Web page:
If you wanted to understand the basic dynamics of this year’s Labour leadership contest, Brighton and Hove District Labour Party is a good microcosm. On Saturday 9 July, a day before Angela Eagle was to announce her leadership bid, hundreds of members flooded into its AGM. Despite the room having a capacity of over 250, the meeting had to be held in three batches, with members forming an orderly queue. The result of the massive turnout was clear in political terms – pro-Corbyn candidates won every position on the local executive committee. 

Many in the room hailed the turnout and the result. But others claimed that some in the crowd had engaged in abuse and harassment.The national party decided that, rather than first investigate individuals, it would suspend Brighton and Hove. Add this to the national ban on local meetings and events during the leadership election, and it is easy to see why Labour seems to have an uneasy relationship with mass politics. To put it a less neutral way, the party machine is in a state of open warfare against Corbyn and his supporters.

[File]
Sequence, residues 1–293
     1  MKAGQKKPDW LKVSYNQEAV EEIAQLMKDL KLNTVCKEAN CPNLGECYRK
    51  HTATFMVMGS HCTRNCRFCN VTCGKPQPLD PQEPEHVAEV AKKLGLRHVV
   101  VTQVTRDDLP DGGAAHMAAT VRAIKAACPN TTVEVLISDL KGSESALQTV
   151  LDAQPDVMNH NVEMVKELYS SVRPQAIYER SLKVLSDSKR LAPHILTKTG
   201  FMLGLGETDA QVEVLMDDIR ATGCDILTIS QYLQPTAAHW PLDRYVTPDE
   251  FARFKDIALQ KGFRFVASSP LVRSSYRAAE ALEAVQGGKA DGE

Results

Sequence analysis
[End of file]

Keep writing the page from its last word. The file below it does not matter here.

Brighton and Hove illustrates how local activists have continued to organise – in an even more innovative and effective way than before. On Thursday 21 July, the week following the CLP’s suspension, the local Momentum group organised a mass meeting. More than 200 people showed up, with the mood defiant and pumped up.  Rather than listen to speeches, the room then became a road test for a new "campaign meetup", a more modestly titled version of the "barnstorms" used by the Bernie Sanders campaign. Activists broke up into small groups to discuss the strategy of the campaign and then even smaller groups to organise action on a very local level. By the end of the night, 20 phonebanking sessions had been planned at a branch level over the following week.